“The Shallows” Movie Review


     Fictional stories about sharks are always a tough nut to crack given the inevitable comparison to Steven Spielberg’s 1975 blockbuster “Jaws” and the high standard which that film set for any filmmaker who dares enter the realm of these feared ocean predators.  Perhaps adding to the difficulty is the popularity of “Shark Week”, which begs the question, why would we want to see something fictional when we can tune in to the Discovery Channel and see actual real life stories and shark footage that is real, rather than animated in a computer?  Maybe that’s why shark movies are now few and far between.  And maybe that’s exactly the reason director Jaume Collet-Serra (“Non-Stop”, “Unknown”) thought now was the perfect time to strike with “The Shallows”, a taut and gripping suspense thriller that successfully expands the genre beyond the typical shark encounter film.  Bottom line is, if you come to the table with a quality product, audiences will come and Collet-Serra seems to have found just the right kind of story to both pay homage to key sequences in “Jaws”, but also sets itself apart with a smart script by Anthony Jaswinski that treats the audience with an appreciated level of intelligence since the filmmakers know we’ve experienced these scenarios before.

     Blake Lively (“Savages”, “The Town”) stars as Nancy, a medical school student who recently lost her mother to cancer.  When we catch up with her, she’s en route to a secret beach whose location was passed on to her by her mother.  It is said her mother surfed at this beach when she was pregnant with Nancy, and the truck ride through the jungle with a local provides plenty of time for her to share a slideshow of photos with us that feature her mother posing at the very destination she is now preparing to arrive at.  For Nancy, coming here is a sort of tribute to her mother, who told her the beach is some of the best and most private surfing in the world.  Collet-Serra enhances these initial scenes by pasting the photos, text threads, and video chats Nancy is engaging in on screen next to her, so as to keep us informed of every detail in Nancy’s life leading up to her catching a couple glorious waves.

     Of course, an obvious plot hole at this point is the fact Nancy has the kind of cell phone reception that would allow her to have crystal clear video chat conversations with her father (Brett Cullen) and sister, Chloe (Sedona Legge) even though she’s on a secluded beach miles from civilization in an unnamed third world country.  But we can let that minor discrepancy go since the thrust of the story doesn’t actually involve her phone which is left on the beach in her backpack.  Nancy begins paddling out to sea on her surf board and meets a pair of fellow surfers who seem surprised she knew of this beach.  Collet-Serra takes full advantage of the  beautiful surroundings, photographing the three surfers as they move under and over waves with both precision and fluidity.  We get shots from underwater perspectives, as well as over head, indicating the kind of clear blue water that can only be described as a paradise.  When her fellow surfers decide to call it a day, Nancy decides to swim back out and catch one more wave, which of course sets the plot in motion.

     As Nancy arrives at the point where she would begin surfing the waves back towards the beach, she encounters the fresh remains of a dead whale floating near by.  And that’s when the shark fin appears.  For those expecting to hear John Williams’ famous “Jaws” film score at that point, you’ll have to wait until you get home and pop in the Blu-ray.  Instead, the filmmakers create a situation where a now bitten and bleeding Nancy finds safety on a rock formation that has become visible due to low tide.  She’s only a couple hundred yards of shore, but the presence of the dead whale and her now profusely bleeding leg means she is being circled by a great white shark right in the middle of its feeding area.  She sees a buoy a short 30 yards away from her, but knows getting there could prove fatal.  There’s also the problem of time in that the coming high tide will eventually re-cover the rock formation with water, leaving her with few options.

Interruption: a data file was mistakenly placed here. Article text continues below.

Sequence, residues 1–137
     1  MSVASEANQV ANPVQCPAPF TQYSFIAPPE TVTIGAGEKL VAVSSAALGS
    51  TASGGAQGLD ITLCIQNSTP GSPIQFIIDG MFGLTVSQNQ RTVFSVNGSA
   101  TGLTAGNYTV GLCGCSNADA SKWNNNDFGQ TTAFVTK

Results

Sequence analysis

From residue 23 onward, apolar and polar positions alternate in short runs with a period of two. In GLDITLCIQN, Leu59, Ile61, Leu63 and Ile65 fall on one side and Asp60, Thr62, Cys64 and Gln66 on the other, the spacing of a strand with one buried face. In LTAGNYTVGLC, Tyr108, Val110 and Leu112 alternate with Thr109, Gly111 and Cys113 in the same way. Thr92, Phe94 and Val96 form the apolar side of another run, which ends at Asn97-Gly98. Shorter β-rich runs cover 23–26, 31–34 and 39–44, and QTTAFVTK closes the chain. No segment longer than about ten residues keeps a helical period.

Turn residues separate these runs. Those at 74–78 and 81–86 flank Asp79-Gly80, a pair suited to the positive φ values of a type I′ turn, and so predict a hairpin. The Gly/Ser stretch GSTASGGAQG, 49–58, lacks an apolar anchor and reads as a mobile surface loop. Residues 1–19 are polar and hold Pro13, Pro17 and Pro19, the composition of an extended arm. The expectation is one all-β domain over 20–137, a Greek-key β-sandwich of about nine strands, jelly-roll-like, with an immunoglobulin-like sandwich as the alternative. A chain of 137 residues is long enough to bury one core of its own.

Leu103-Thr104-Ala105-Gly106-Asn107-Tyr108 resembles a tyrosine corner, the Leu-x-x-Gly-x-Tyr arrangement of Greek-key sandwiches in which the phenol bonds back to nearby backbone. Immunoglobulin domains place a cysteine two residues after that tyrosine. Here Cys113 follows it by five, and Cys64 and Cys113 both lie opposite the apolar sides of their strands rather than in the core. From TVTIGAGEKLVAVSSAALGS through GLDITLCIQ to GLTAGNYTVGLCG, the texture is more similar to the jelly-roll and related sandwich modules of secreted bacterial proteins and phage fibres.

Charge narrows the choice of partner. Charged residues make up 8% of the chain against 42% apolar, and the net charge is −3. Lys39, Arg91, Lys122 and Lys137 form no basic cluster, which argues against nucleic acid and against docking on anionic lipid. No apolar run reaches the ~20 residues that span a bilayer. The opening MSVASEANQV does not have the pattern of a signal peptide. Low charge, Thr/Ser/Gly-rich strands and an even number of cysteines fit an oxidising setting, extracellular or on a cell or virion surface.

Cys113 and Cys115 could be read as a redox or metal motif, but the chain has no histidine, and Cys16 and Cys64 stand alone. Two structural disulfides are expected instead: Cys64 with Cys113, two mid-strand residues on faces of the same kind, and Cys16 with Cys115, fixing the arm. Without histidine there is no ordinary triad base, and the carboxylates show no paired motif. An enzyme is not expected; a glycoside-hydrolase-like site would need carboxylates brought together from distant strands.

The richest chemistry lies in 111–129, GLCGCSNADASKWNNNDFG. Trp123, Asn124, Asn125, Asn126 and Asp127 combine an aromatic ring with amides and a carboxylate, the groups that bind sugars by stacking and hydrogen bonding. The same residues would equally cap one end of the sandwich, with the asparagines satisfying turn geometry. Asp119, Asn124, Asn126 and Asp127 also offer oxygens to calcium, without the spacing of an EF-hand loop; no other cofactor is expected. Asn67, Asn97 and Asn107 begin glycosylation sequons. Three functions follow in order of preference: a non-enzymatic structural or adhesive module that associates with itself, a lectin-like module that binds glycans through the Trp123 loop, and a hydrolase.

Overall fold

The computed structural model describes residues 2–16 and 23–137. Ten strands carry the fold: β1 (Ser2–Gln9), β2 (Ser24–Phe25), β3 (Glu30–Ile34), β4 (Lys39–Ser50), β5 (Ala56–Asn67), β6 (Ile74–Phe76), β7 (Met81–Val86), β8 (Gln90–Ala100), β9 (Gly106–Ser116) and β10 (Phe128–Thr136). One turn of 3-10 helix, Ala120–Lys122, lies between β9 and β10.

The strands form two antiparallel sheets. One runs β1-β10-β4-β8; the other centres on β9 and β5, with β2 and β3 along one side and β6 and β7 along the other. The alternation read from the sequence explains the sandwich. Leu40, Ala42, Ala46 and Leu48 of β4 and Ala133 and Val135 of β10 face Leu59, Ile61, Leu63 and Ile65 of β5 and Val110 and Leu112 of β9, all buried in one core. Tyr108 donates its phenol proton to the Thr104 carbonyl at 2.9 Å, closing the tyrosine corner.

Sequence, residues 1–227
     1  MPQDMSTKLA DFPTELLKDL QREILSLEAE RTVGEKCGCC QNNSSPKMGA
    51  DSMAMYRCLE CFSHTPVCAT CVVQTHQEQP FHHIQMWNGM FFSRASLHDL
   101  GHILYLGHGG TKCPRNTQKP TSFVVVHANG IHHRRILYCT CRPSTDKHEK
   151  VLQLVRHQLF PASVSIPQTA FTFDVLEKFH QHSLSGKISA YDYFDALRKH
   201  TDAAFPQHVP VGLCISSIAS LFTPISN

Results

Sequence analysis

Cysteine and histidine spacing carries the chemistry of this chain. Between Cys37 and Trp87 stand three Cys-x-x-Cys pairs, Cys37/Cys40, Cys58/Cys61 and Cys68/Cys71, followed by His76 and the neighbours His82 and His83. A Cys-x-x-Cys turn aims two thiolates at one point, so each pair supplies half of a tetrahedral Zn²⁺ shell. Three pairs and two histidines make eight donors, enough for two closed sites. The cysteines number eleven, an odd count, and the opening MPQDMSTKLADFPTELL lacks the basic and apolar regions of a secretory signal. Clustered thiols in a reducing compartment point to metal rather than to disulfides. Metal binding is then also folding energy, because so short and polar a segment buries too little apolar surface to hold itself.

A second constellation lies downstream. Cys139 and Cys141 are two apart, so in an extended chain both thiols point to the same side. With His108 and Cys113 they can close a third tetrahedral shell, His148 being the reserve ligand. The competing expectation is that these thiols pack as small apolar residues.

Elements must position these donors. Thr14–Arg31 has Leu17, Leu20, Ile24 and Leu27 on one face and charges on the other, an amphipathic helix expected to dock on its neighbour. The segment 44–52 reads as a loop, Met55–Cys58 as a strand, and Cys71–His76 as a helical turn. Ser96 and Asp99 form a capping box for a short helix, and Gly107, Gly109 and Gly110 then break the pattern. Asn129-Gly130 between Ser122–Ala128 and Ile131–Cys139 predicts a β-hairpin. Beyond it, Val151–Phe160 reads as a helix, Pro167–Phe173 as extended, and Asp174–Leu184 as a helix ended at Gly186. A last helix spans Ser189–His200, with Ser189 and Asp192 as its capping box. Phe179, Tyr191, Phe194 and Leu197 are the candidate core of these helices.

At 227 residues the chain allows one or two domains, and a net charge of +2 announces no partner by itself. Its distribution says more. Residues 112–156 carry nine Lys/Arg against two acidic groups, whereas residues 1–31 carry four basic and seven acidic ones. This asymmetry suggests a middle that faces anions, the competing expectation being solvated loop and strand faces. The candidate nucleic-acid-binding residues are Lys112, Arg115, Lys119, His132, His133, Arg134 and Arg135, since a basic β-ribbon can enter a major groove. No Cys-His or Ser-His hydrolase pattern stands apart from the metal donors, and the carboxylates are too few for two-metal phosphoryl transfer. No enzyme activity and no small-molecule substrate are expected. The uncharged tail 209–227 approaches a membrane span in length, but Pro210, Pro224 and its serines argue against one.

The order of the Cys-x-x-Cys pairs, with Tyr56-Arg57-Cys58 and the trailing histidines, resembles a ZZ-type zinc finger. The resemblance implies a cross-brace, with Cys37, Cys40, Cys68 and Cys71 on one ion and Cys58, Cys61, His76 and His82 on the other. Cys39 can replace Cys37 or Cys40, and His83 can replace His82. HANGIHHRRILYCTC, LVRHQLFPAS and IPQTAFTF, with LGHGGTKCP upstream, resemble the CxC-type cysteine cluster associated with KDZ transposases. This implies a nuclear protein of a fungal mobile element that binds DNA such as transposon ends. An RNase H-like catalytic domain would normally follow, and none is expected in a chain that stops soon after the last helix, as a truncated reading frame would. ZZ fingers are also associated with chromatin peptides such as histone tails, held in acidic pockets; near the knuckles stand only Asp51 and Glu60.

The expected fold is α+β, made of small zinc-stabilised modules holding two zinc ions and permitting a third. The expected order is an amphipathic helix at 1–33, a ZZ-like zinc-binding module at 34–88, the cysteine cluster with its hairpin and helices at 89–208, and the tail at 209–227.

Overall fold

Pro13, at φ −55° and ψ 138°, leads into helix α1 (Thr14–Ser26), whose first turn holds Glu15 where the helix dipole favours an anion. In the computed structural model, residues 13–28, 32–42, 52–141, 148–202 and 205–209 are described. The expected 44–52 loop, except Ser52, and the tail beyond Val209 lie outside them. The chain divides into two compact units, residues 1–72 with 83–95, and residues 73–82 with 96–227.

One of the strengths of Jaswinki’s script is the unpredictable nature of Nancy’s decision making throughout the ordeal.  Several times during her encounter, I felt confused as to why she would do or attempt to do certain things because at face value, they didn’t make sense.  But then her experience and knowledge would shine through and prove there was always a method to her madness.  Now not all of her quick thinking actually helped her avoid becoming the shark’s next meal, but she does manage just enough ingenuity to stay alive longer than you’d expect from someone faced with such peril.  It’s worth mentioning that Lively’s performance is nothing short of outstanding, especially when you consider she is on screen alone for 95% of the movie.

     Just as Spielberg did in “Jaws” and Ridley Scott did so effectively in “Alien”, Collet-Serra keeps his monster hidden for most of the film and ultimately gives it very little screen time.  And that strategy works well, because we always know the threat is there, even when we don’t actually see it.  When Nancy eventually does make it to the buoy, the filmmakers would have you think she was planning on taking a page out of the “Jaws” playbook only to reverse course and come up with one of the most thrilling and suspenseful thirds acts that I have seen in quite sometime.  This is especially the case with imagery that can only be described as terrifying, particularly when Nancy realizes there are other obstacles in the water besides the shark.  At a minimum, those last 20 minutes or so will have you at the edge of your seat, even if the conclusion may be a little tough to swallow.  GRADE: B